Updated: Apr 6
Seasonally-Synced Drinks with ETCH Sparkling.
As part of our recent Wonder Full Women's Weekend Retreat, I provided pre-dinner non-alcoholic seasonally-inspired drinks each night. The main drink ingredient was ETCH Sparkling. I was first introduced to ETCH over the Summer holidays, as they too were part of the Somers Wellness Week. Their ethics and tagline really resonate with me -
"Inclusive drinks for all occasions"
ETCH Sparkling is a small family business based on the Mornington Peninsula and provides delicious, all-natural, alcohol-free drinks with no sugar or preservatives. For ETCH, 'health' refers to mental, spiritual, and physical health, as well as the health of our planet and our soils. They feature sustainably farmed native Australian ingredients and are proudly Australian-made and owned.
I also recruited the help and expertise of my dear friend Cecilia Rosenberg in the creation of our special drinks. Cecilia is a Melbourne-based functional nutritionist and health coach. We had such a fun afternoon mixing, muddling and tasting. We giggled and cackled like white witches whilst we were creating and concocting drinks, you can hear us if you listen closely to the insta reel attached below 😁.
So, as requested, here are the recipes for the drinks. During the first evening, we shared "Yang & Yin with ETCH Sparkling" to help us transition from the yang of Late Summer to the yin of Autumn. It also helped hydrate us all, in readiness for the Silent Disco provided by Soph of Pohss.
On Saturday evening we shared "Yin with ETCH Sparkling" to help us attune to the more inward-turning season of Autumn.
YANG & YIN with ETCH Sparkling
ZST ETCH Sparkling, chilled.
fresh finger lime pearls
fresh mint leaves
a drop of honey or maple syrup (optional)
are native Australian citrus.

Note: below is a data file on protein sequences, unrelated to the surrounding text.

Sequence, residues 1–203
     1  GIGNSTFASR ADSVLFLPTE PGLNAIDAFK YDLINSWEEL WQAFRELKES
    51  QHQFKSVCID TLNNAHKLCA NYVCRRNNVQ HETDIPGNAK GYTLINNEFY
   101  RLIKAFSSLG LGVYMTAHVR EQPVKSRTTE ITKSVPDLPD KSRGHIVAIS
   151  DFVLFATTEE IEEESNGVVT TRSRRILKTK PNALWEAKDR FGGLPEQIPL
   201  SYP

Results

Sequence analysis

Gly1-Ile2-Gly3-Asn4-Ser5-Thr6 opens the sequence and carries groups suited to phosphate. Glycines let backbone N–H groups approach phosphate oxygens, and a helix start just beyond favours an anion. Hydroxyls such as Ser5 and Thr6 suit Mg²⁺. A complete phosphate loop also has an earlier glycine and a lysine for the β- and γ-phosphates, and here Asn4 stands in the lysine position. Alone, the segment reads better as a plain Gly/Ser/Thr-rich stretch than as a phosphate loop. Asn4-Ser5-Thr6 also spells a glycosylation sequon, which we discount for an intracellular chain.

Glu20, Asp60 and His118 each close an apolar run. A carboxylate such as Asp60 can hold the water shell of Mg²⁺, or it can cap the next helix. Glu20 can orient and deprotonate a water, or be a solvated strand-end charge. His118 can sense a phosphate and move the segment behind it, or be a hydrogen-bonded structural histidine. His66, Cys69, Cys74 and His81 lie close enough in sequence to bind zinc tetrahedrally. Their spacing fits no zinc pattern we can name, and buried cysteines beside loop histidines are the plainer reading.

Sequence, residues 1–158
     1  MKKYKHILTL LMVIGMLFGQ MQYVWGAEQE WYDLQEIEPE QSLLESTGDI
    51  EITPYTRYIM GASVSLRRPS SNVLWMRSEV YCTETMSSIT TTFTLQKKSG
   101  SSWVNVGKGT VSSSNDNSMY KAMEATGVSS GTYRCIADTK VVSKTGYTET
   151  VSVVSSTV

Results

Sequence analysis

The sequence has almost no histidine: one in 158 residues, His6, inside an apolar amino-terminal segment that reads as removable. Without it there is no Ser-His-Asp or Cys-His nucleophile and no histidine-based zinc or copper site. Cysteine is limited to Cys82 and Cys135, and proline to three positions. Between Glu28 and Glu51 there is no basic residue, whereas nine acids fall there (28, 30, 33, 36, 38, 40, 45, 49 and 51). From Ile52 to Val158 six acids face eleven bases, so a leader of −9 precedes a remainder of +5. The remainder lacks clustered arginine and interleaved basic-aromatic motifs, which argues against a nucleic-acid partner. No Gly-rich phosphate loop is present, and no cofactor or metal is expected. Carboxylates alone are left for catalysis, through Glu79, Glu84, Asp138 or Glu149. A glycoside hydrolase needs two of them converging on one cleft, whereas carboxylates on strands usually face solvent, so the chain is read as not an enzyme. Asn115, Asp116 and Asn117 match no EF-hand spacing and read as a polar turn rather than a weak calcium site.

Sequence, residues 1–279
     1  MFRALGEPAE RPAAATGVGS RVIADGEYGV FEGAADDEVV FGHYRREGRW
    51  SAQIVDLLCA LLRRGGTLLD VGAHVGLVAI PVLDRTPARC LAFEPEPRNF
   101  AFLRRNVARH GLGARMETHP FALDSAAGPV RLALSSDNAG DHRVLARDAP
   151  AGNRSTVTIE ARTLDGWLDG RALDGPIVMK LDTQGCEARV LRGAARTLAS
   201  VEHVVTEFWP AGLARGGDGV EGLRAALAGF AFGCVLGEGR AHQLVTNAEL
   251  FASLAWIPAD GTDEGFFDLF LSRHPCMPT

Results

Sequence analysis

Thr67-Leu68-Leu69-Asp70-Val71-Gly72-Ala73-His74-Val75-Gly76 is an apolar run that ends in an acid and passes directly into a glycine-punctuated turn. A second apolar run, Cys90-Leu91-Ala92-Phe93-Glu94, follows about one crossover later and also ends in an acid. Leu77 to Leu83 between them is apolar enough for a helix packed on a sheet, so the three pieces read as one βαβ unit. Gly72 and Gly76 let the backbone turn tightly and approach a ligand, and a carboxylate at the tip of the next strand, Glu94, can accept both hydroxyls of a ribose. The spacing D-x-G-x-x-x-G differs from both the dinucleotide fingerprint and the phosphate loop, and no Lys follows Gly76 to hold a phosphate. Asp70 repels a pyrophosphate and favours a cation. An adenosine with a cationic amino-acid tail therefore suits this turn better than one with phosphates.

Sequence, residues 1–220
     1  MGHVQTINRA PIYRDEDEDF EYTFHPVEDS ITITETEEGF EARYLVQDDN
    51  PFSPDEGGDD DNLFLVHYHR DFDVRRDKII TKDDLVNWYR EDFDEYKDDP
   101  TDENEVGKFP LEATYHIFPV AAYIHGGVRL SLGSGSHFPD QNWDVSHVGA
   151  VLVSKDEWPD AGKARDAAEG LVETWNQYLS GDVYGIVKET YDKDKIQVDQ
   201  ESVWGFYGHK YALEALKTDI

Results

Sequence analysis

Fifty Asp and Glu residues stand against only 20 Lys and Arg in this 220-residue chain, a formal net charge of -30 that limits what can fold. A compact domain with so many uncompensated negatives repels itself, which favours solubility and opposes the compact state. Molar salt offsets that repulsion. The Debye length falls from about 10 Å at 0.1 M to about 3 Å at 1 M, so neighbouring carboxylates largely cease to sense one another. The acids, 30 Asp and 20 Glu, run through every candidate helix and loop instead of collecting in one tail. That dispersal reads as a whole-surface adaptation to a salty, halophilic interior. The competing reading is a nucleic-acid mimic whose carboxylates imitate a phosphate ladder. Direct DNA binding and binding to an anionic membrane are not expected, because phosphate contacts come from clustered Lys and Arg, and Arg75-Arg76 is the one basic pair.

are high in vitamin C, folate, potassium, and vitamin E.
their main harvest season is March to May.
You can find more information via the Australian Native Food and Botanicals website - https://anfab.org.au
is antiviral, anti-inflammatory, antifungal, analgesic, and antibacterial.
when fresh it helps to break down high-protein foods such as meat and beans.
helps relieve nausea, vomiting, diarrhea, morning sickness, motion sickness, menstrual and stomach cramps, amenorrhea, bronchitis, and aches.
supports & strengthens the Heart (TCM).
is readily available in Late Summer.
harmonises the Liver (TCM), neutralises toxins and relieves pain.
its sweet and antitoxic properties can be used to break the cycle of alcoholism.
has a harmonising effect.
when local and raw, can help with hay fever and allergies.
is mainly harvested in Late Summer and Autumn.
leaves can be harvested all year.
contains the highest amount of citral of any other plant in the world, and its flavour is said to be lemonier than lemon.
is full of antioxidants and vitamin E.
has antimicrobial and antifungal properties.
is rich in calcium and folate.
Place some fresh finger lime pearls into your glass/glasses along with a sprig of mint.
Finely chop the ginger into thin slivers.